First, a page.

foisted on them, rendering them as passive receivers and not decision makers.

Transsexual: Men and women whose gender identity more closely matches the other physical sex aretermed transsexual. 

Transvestite—male to female or female to male—takes on presentation in the opposite gender role on ashort-term basis without wishing to be the opposite gender. A transsexual on the other hand considers tobe born in the wrong body and identifies as the opposite gender to their birth assigned sex.Eunuch is a man who has been castratedThere is no English translation to the term hijra or khwajasaraa so we will be using the local terms.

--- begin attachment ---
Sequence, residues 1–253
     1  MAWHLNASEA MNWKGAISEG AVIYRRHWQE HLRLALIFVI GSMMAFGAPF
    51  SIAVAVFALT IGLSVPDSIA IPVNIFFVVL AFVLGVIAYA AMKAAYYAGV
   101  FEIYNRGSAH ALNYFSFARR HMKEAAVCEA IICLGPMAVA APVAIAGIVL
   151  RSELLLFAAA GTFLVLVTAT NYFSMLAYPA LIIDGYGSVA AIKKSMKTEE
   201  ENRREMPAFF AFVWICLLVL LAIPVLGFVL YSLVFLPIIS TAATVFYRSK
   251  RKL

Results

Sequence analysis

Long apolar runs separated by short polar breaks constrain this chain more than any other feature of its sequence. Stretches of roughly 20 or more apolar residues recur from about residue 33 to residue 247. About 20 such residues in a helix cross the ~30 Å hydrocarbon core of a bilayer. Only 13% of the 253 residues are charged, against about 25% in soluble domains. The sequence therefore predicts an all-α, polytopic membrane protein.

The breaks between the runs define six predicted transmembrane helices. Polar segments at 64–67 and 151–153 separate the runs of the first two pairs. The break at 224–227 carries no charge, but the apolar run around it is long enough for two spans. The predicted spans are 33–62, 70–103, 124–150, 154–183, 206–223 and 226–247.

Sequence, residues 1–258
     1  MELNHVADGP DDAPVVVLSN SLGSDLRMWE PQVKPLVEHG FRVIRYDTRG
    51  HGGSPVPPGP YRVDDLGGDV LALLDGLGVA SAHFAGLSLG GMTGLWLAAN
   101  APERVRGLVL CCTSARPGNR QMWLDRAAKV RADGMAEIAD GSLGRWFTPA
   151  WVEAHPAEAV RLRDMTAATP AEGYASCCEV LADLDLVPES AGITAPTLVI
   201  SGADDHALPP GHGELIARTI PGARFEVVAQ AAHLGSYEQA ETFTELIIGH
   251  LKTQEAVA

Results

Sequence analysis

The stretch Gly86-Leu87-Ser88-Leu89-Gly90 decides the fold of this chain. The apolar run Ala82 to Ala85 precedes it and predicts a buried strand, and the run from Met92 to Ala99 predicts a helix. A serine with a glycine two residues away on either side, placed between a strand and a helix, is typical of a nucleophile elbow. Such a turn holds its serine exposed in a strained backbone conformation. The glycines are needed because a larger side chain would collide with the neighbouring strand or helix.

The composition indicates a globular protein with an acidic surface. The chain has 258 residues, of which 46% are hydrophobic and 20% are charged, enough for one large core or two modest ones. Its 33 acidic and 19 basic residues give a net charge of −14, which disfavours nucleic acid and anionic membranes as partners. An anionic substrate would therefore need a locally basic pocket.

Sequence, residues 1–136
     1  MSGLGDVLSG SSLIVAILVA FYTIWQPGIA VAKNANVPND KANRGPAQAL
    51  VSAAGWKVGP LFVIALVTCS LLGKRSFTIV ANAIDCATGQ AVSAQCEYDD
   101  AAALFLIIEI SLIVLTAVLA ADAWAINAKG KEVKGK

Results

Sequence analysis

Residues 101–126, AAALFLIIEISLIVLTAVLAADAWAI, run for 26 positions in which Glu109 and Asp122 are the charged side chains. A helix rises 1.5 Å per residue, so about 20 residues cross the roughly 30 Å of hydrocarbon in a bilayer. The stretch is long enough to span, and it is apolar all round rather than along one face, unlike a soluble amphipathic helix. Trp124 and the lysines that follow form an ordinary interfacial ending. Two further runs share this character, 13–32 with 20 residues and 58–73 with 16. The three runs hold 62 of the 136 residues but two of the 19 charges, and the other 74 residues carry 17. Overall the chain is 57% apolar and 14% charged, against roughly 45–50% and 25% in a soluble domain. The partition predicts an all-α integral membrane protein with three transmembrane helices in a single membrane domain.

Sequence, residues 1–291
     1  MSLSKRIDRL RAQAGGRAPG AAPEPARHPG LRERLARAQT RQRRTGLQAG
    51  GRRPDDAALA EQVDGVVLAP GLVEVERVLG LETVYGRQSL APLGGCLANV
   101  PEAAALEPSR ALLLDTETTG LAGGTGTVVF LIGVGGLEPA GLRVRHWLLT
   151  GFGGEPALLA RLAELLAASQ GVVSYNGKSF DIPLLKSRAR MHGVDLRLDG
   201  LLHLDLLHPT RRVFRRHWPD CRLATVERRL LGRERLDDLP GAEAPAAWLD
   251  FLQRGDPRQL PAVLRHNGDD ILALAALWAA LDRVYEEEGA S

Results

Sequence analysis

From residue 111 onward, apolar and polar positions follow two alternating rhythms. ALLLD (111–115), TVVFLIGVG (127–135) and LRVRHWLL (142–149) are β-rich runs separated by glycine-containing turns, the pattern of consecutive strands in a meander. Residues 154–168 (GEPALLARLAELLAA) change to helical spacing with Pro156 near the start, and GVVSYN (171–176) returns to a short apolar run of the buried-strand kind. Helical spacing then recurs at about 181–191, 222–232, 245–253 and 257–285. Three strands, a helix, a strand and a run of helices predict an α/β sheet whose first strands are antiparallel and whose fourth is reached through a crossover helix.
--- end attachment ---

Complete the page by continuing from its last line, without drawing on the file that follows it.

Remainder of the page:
CommasAny sentence studded with commas could probably benefit from a rewrite. Use commas as a guide tosense, to break a sentence into logically discrete parts, but do not use them to the extent that theybreak the flow of a sentence.

Use commas to mark off words and phrases that are in apposition to, or define other words or phrases inthe sentence e.g. Qaim Ali Shah, Sindh chief minister, said … Rudolf Nureyev, most prominent of thedefectors from the Bolshoi, has danced … 

Use commas to mark off a clause that is not essential to the meaning of a sentence, e.g. The airliner, whichwas seven years old, crashed … But a clause that cannot be removed from the sentence withoutaffecting its meaning is not marked off by commas, e.g. The airliner that crashed on Thursday wasseven years old but the plane lost the previous day was brand new.